HOW-TO: Determine if the SSD Supports TRIM

The gigantic technological leap SSD offered than conventional hard drives is nothing compared to the upgrade gap between a next generation processor or video card. It is bounds and leaps greater. Since its introduction over a year ago, SSDs have always been the talk of the town when it comes to raw performance.

This technology is, however, dependent on another technology that has to be supported by the operating system -- TRIM. Trim is the difference that makes conventional storage manage data better than SSDs. When data is written to a "virgin" cell of an SSD, it is a straight write but if the cell to be written has old junk (deleted data) the undergoing process is a read-modify-write. Imagine a heavily fragmented drive when a delete is performed, performance would suffer. And this questions the long-term performance of the SSD.

Windows 7 is where trim got introduced. The trim command reorganizes data to be written and also deletes junk data existing on the NAND cell. It scrubs junked data when a delete is performed so that when a write command is subsequently performed on a NAND cell, it is always "already" clean.

How then do you determine if your drive supports TRIM? You can use the software CrystalDiskInfo to determine and ensure that the SSD supports trim. Download the software from its webpage. I used the portable zipped version of the software.

This is how CrystalDiskInfo looks like (refer to screenshot).

How To Determine if the SSD Supports TRIM

As seen from the screenshot, the OCZ Vertex3 60GB SSD supports the TRIM feature. You may then tweak the OS to take advantage of the trim feature on the SSD.

On Windows 7, the command to use is "fsutil.exe behavior set DisableDeleteNotify 0". The feedback will be "DisableDeleteNotify = 0" (as seen below).

How To Determine if the SSD Supports TRIM

If your SSD supports TRIM, better make use of it so long term performance of your SSD will not suffer. Windows 7 supports trim, so might as well make it the default operating system. Here's a guide to migrate from the conventional drive to the SSD.


HOW-TO: Upgrade to SSD (the Faster Easier Way)

Guides from the net abound with procedures and guides on upgrading from a conventional hard drive to a faster and better SSD. The procedures involve creating a backup image of Windows 7 and restoring that same backup image to the SSD. Like many, I have tried to follow this procedure and it does not always end well. The backup image creation is the easy part but the restore does not always succeed. On my part, the backup image on the USB drive could not be restored to the SSD.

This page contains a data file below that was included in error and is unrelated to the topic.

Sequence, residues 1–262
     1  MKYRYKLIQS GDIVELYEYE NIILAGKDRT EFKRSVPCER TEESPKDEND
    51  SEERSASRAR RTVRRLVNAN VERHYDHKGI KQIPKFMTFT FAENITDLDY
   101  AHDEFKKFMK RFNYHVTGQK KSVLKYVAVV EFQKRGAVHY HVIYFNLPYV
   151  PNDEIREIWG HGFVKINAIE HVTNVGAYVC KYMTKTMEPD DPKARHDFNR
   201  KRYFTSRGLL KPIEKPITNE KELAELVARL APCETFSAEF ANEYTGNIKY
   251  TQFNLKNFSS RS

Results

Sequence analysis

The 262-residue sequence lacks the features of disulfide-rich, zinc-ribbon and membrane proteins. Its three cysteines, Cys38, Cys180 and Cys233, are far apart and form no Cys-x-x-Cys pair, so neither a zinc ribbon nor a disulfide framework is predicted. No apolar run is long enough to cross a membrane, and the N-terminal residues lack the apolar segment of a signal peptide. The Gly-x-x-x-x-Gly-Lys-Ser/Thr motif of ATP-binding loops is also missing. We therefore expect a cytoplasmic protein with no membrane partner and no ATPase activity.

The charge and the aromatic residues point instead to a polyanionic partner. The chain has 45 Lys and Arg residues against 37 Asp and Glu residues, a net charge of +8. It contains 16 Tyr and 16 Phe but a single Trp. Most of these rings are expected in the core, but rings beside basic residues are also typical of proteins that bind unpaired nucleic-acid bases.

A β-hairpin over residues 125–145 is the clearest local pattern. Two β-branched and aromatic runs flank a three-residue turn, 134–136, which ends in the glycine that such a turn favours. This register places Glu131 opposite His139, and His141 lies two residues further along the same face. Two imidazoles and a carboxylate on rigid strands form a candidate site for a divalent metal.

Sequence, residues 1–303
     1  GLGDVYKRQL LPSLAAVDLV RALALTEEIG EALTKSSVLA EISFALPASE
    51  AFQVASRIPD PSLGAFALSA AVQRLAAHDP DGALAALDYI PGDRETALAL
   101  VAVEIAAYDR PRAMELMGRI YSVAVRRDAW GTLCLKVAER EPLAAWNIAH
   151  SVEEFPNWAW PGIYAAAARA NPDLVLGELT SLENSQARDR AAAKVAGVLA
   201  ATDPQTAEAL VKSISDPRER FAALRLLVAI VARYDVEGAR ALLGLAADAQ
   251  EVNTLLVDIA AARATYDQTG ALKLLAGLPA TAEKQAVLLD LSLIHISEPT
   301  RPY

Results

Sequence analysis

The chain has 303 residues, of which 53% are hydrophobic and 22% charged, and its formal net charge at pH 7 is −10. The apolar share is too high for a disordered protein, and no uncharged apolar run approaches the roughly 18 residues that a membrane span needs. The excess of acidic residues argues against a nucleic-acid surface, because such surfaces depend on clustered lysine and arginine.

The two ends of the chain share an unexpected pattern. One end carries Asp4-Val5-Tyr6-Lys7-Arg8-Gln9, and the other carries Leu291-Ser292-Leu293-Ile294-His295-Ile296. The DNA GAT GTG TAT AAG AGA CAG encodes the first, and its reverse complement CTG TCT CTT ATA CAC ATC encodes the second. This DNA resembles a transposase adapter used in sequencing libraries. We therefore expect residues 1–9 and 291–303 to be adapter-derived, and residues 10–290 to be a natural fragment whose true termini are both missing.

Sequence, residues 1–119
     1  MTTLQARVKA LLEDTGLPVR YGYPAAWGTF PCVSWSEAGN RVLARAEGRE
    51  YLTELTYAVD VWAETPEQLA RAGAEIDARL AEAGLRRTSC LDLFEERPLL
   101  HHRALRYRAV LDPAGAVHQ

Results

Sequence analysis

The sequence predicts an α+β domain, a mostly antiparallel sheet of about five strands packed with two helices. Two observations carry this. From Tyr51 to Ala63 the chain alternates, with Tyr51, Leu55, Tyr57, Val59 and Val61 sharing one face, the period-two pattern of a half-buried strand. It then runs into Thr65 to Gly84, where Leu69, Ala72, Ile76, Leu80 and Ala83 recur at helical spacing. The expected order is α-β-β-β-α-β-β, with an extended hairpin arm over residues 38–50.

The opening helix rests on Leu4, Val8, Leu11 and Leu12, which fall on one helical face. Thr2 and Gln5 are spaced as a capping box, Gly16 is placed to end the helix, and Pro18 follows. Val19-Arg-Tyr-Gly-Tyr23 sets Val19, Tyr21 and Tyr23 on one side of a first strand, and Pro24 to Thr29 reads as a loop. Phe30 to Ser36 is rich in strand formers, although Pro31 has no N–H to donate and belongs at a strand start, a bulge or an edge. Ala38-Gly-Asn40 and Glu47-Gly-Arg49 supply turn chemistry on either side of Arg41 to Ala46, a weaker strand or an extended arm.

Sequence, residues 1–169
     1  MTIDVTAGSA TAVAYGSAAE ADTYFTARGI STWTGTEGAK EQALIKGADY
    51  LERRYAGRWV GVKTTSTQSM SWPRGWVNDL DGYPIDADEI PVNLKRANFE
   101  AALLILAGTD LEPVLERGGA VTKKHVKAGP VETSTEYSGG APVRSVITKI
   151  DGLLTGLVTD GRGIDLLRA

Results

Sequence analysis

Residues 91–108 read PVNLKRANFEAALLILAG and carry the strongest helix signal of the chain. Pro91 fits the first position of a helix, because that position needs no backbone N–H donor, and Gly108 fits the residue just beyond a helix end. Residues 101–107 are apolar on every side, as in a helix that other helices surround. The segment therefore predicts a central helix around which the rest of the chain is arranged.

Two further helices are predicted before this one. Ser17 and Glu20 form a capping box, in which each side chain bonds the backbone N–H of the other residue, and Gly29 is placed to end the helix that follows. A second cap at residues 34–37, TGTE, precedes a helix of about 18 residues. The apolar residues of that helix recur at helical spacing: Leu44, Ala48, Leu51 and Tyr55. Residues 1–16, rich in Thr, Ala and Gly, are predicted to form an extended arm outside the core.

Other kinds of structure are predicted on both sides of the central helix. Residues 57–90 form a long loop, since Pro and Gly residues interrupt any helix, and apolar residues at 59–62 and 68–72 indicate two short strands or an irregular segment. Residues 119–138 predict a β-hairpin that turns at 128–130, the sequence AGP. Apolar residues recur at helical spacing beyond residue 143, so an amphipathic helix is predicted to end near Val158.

The only other alternative is to do a complete install of Windows 7 and this is even worse than the above procedure. That's what I thought too, until I recently found an easier way of doing things, and even better -- the tool to use is FREE!

The tool or software I'm referring to is the Aomei Partition Assistant (download here). You can download the Home Edition and it will work for your desktop or notebook. As of this writing, the latest version available is version 4.0.

Download the Aomei Partition Assistant and install it. No reboot required.

HOW-TO: Upgrade to SSD (the Faster Easier Way)

This guide was done using my notebook (Dell Latitude D630) so I connected the SSD to the notebook via a USB to SATA adapter. On a desktop, things are a bit simpler by just installing the SSD on a vacant SATA port.

Launch the application, then click on the system/boot drive. On a conventional install, the boot drive should have two (2) partitions. The reserved partition (usually 100MB in size) and the system partition (where Windows 7 is installed).

Click on the "reserved" (or System Reserved) partition and click on Copy Partition. A similar window like below is opened. Copy to the "Unallocated" drive which pertains to the SSD. Do the same for the system partition. You may opt to resize the system partition to fit the SSD. Then "Apply" the change.

HOW-TO: Upgrade to SSD (the Faster Easier Way)

You will be prompted to reboot. And before the operating system boots, the PreOS mode of Aomei kicks in to copy the partitions. Once done the computer will reboot. At this point, you can intervene and shutdown the computer to unplug the hard drive and replace it with the SSD.

I followed the same procedure outlined above. And I could feel the difference of the upgrade. Aomei Partition Assistant has made my upgrade easy, straight-forward and hassle-free.

This procedure can also be used to upgrade to a bigger faster drive or to a RAID volume, not just an SSD.


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